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Dancing Your Way to Better Health
Ballroom Dancing May Help Mind, Body, and Spirit
Dance can challenge your mind as well as your muscles.
At least one observational study has shown sharper minds with ballroom dancing.
The study appeared in The New England Journal of Medicine two years ago. Joe Verghese, MD, and colleagues studied 469 people who were at least 75 years old.
At the study's start, they answered surveys about mental and physical activities, like doing crossword puzzles or dancing. Back then, none had dementia.
Five years later, 124 had dementia. Frequent dancers had a reduced risk of dementia compared with those who rarely or never danced.
Of 11 physical activities considered, only dancing was tied to a lower dementia risk, Verghese tells WebMD.
Most dancers did ballroom dancing, says Verghese. He's an assistant neurology professor at Albert Einstein College of Medicine in New York.
The Dancing Brain
How might ballroom dancing help the brain? Verghese outlines three possibilities:
- Increased blood flow to the brain from the physical exercise
- Less stress, depression, and loneliness from dancing's social aspect
- Mental challenges (memorizing steps, working with your partner)
"Dance, in many ways, is a complex activity. It's not just purely physical," says Verghese.
An 'Exciting' Option
No one is prescribing ballroom dancing, and Verghese's study doesn't claim dancing drove the results.
To get real proof, a study could assign one group of people to ballroom dancing, comparing them to inactive people.
So says Carl Cotman, PhD. He directs the Institute for Brain Aging and Dementia at the University of California, Irvine.
"There aren't any experimental models in animals that would be equivalent to ballroom dancing, that's for sure," says Cotman. His rat studies have shown brain benefits from voluntary running.
If dance is aerobic enough, it could aid the brain, says Cotman. The social and mental aspects could also help.
"You've got togetherness, and ... training the brain to do a new motor skill," says Cotman. "I think it's pretty exciting."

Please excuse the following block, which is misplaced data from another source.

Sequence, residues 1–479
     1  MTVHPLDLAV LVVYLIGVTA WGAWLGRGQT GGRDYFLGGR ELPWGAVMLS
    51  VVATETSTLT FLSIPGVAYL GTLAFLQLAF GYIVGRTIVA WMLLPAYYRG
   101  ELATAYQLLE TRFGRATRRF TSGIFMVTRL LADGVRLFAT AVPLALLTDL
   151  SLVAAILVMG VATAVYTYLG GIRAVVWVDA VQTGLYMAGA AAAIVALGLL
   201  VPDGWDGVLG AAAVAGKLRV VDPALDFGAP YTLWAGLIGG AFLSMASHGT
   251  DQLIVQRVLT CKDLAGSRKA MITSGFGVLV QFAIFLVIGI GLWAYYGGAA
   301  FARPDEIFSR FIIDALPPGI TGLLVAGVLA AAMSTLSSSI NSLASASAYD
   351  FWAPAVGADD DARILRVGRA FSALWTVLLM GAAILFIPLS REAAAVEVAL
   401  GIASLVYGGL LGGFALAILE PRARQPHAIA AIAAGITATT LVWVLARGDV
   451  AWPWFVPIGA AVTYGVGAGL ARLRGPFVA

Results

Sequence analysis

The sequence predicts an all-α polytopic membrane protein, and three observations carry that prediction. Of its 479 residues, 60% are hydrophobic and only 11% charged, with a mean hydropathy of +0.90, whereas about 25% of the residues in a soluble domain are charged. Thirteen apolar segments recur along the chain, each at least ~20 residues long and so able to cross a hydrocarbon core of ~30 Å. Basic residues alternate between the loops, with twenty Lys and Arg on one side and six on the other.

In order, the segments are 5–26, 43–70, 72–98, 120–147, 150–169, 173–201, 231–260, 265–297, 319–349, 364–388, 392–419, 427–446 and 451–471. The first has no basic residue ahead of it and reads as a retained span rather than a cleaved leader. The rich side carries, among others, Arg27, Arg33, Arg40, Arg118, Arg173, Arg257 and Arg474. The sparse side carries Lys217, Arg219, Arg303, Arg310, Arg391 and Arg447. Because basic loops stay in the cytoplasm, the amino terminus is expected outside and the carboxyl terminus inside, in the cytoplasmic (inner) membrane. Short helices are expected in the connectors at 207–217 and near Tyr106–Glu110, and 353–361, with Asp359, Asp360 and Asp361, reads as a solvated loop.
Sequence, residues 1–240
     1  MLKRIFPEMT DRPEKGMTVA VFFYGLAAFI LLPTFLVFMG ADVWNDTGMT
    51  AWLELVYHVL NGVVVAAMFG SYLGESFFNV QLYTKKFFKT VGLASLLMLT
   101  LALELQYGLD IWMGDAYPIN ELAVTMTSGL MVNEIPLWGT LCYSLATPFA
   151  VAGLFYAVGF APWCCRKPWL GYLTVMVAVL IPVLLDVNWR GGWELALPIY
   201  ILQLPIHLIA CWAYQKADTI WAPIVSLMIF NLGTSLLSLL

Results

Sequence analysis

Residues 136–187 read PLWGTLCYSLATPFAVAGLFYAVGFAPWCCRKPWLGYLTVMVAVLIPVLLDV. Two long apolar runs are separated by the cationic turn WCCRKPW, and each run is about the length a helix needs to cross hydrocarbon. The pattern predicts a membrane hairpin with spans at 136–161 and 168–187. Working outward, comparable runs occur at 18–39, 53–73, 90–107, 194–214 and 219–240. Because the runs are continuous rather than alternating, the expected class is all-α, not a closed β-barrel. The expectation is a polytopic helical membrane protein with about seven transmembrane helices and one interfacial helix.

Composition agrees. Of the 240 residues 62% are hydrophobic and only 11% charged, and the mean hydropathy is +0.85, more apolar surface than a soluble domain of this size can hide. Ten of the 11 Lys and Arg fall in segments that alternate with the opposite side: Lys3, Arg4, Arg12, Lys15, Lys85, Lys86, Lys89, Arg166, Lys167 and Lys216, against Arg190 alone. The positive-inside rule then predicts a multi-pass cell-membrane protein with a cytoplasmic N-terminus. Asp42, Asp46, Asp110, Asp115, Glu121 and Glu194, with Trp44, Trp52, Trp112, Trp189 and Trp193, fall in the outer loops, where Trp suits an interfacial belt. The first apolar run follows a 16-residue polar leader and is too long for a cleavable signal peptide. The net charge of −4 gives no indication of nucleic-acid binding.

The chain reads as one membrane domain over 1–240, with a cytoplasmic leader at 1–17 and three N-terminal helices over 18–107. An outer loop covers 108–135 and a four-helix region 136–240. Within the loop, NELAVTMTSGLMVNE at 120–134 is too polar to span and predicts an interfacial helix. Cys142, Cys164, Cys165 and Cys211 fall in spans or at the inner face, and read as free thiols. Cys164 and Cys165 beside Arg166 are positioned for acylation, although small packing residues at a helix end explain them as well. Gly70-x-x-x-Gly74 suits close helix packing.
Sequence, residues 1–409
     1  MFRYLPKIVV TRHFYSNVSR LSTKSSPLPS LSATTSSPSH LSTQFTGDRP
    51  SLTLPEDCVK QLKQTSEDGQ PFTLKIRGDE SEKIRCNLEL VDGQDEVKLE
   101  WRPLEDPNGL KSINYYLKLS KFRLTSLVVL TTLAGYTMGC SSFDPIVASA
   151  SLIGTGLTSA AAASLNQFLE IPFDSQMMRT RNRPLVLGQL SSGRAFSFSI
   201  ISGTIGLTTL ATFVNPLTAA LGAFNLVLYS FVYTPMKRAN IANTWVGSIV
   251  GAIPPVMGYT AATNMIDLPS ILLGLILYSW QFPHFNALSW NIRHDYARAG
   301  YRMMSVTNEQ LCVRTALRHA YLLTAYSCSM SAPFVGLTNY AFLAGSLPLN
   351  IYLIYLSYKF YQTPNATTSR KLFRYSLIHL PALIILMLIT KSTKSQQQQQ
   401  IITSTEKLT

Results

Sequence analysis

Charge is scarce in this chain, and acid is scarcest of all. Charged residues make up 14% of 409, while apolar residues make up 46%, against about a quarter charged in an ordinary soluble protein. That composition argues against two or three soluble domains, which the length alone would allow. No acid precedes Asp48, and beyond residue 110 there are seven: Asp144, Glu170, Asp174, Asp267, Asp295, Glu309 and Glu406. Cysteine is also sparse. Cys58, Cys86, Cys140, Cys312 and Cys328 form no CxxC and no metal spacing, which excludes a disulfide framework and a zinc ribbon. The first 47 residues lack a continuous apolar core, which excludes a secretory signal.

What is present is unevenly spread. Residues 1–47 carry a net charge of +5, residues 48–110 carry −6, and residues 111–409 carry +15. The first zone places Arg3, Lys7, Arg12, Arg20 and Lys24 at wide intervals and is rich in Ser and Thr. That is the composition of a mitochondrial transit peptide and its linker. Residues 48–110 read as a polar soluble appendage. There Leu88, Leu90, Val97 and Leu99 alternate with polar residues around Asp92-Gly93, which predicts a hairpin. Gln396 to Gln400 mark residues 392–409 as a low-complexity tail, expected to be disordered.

No one knows how much or what kind of exercise the brain needs, says Cotman. He'd like to see such studies done.
Meanwhile, "there's no evidence that it's going to hurt anything," says Cotman.
Check Your Ego at the Door
Here's some advice for beginners from New York dance therapist Jane Wilson Cathcart, LMSW, ADTR, CMA:
- Look for a good teacher who emphasizes what you can do, not your limits.
- Don't be a perfectionist about it.
- Don't worry about your size. Dance is for everyone.
- Get into the music, as well as the movement.
"Take in all the good feedback you're getting and give your inner judge a couple of dollars to go to the movies," says Cathcart.
"We are usually our own worst critic," says Cathcart. "Think of how many other times your critical judge has limited you from doing something."
New skills can bring confidence. At parties and social events, dancers may head to the dance floor feeling good about themselves without a martini's encouragement, Richards jokes.
"Lay the pathwork of positivity through it," says Cathcart. "The coolest dance begins with one step. The rest will follow."
SOURCES: Catherine Cram, MS, exercise physiologist, Comprehensive Fitness Consulting. USDA, "MyPyramid.gov: What Is Physical Activity?" CDC: "Physical Activity: Recommendations." Ken Richards, spokesman, USA Dance. Janice Byer, group exercise director, The Courthouse Athletic Club. Joe Verghese, MD, assistant neurology professor, Albert Einstein College of Medicine. Carl Cotman, PhD, director, Institute for Brain Aging and Dementia; professor of neurology and psychobiology, University of California, Irvine. Jane Wilson Cathcart, LMSW, ADTR, CMA, dance therapist.
Reviewed on January 27, 2006
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